On the "Holy Roller's Tour" with Five Iron Frenzy and The Insyderz - are
the much talented, swingin' compadres of The W's. Showing no visible signs
of pre-show jitters, the soft-spoken alto-saxist James Carter recently took
some time out a half hour before a Minneapolis performance to talk with
---Do you face people criticizing The W's for jumping on the swing
"bandwagon" so to speak?
J: There's those people out there, but I don't really pay any attention to
them. We never really planned on playing any certain style of music. We
just write and play whatever music we have fun doing. I think "swing" and
"ska" are just terms people are comfortable using. I don't think they
completely describe the music we play at all.
---How do you approach the spiritual aspects of your music and band? Do you
consider The W's a ministry?
J: That's a tough question. I think the reason we're in this band is
because God wants us to be here. We're not pastors or ministers or anything
like that. We're musicians, and God created us to be in this band to
entertain people and let them enjoy our music. I think the way that we
minister to people is definitely through our lives. We don't preach from
stage because none of us our gifted in that way, and when we went to shows
when we were younger, that was never apart of the show. We want to make our
shows a place where you can bring your non-Christian friends and be
completely content with any portrayal of Christianity they got from our show.
---A lot of bands in the Christian market get frustrated for different
reasons. What are some of the pros and cons of the Christian music scene?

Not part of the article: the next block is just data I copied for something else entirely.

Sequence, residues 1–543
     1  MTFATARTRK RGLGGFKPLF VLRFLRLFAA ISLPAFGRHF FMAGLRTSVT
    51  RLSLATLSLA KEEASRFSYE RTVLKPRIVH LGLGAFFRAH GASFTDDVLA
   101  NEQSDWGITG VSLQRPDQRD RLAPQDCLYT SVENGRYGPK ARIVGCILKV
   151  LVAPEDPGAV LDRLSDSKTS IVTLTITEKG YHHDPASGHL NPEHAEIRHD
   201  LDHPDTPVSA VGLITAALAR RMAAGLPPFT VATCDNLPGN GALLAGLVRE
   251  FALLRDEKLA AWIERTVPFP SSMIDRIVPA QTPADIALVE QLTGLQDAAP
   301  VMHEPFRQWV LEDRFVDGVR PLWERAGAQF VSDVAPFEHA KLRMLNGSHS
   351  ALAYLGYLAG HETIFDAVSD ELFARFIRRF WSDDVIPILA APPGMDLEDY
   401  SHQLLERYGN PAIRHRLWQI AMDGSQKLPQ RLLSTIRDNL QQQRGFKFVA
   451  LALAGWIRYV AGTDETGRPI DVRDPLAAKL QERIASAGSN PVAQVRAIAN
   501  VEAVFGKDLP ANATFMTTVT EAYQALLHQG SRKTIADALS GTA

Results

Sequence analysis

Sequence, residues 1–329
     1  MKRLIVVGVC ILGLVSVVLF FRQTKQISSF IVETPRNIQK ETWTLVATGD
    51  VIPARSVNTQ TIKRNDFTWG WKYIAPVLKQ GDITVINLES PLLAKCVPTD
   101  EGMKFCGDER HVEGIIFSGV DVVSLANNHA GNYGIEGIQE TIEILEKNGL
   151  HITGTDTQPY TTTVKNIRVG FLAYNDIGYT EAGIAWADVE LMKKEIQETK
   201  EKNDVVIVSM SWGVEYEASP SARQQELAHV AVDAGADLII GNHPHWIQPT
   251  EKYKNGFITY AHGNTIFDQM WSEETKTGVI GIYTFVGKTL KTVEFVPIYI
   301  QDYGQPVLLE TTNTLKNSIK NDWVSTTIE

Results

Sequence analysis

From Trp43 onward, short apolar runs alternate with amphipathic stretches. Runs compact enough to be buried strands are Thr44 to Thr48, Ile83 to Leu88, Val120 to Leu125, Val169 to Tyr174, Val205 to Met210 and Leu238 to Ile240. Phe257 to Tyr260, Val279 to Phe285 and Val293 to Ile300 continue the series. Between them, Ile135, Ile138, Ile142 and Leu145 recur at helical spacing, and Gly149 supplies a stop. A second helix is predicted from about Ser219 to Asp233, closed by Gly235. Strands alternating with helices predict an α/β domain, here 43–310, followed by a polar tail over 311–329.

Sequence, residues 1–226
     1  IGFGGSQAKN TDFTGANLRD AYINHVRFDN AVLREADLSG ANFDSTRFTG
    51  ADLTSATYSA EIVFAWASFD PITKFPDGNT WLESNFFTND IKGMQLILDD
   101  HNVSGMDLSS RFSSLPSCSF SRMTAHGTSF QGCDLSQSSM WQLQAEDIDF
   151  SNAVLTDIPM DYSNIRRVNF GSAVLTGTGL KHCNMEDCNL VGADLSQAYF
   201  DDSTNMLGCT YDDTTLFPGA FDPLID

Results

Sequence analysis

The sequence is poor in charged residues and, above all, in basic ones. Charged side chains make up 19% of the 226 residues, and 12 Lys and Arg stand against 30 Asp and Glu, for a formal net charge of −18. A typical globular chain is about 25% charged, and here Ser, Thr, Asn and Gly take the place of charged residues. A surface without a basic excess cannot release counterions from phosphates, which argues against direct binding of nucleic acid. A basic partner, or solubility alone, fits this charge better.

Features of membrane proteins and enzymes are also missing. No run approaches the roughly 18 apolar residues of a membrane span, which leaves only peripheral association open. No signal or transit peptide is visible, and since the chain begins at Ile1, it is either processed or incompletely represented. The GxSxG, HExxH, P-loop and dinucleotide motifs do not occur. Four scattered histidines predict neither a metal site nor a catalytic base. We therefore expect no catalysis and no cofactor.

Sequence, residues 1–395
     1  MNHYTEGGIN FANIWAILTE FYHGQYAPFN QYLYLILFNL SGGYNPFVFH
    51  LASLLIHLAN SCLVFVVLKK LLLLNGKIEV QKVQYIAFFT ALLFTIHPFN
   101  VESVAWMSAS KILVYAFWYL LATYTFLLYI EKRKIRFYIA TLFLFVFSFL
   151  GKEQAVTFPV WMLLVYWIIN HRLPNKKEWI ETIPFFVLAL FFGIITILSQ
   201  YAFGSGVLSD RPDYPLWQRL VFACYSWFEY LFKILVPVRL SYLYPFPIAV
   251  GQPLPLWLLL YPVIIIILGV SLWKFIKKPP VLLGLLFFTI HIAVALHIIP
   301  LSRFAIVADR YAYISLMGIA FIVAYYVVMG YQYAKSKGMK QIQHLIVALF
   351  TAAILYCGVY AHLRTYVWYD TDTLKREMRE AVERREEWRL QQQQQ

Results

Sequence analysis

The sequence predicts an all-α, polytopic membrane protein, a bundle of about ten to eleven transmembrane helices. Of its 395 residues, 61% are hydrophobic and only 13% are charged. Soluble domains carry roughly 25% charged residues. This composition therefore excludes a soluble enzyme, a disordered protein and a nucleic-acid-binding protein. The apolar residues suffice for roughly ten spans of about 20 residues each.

J: Pros would be that there are a lot of bands out there God has called to
encourage and minister to the church and youth groups. Those bands, because
of the Christian music industry, are given an easy outlet to do that. The
cons I feel are a lot of the shows that Christian bands do give the wrong
idea of what Christianity is, and I think the whole (Christian music)
industry pretty much perpetuates that. Having to have a lyrical content
that says "Jesus," and promoters expecting you to preach from the stage puts
a lot of unneeded pressure on the bands.
--What can we expect from the W's in the near future?
J: You can expect The W's to be playing in all secular venues with all
secular bands. Our newest album is "The Trouble with X" and that just came
out about a week in a half ago. But we are writing for our next album
--Do you think one instrument is sort of the backbone in your type of music,
or do you think any one instrument plays a unique or special role in the
J: I think with our music the bass is very important because it really
drives the songs, and I think our drummer is very important, his name is
Brian! (Brian enters the scene.)
---Do you guys have any embarrassing moments onstage worth sharing?
J: One time after we finished our first album we had a show and I didn't
know any of our songs yet, except from recording, so I was embarrassed
because I couldn't play any of the songs! I just sort of faked it and
messed up a lot.
--Do you have any rituals or things you do before performance?
J: Usually, probably about 90% of the time I use the restroom, and wash my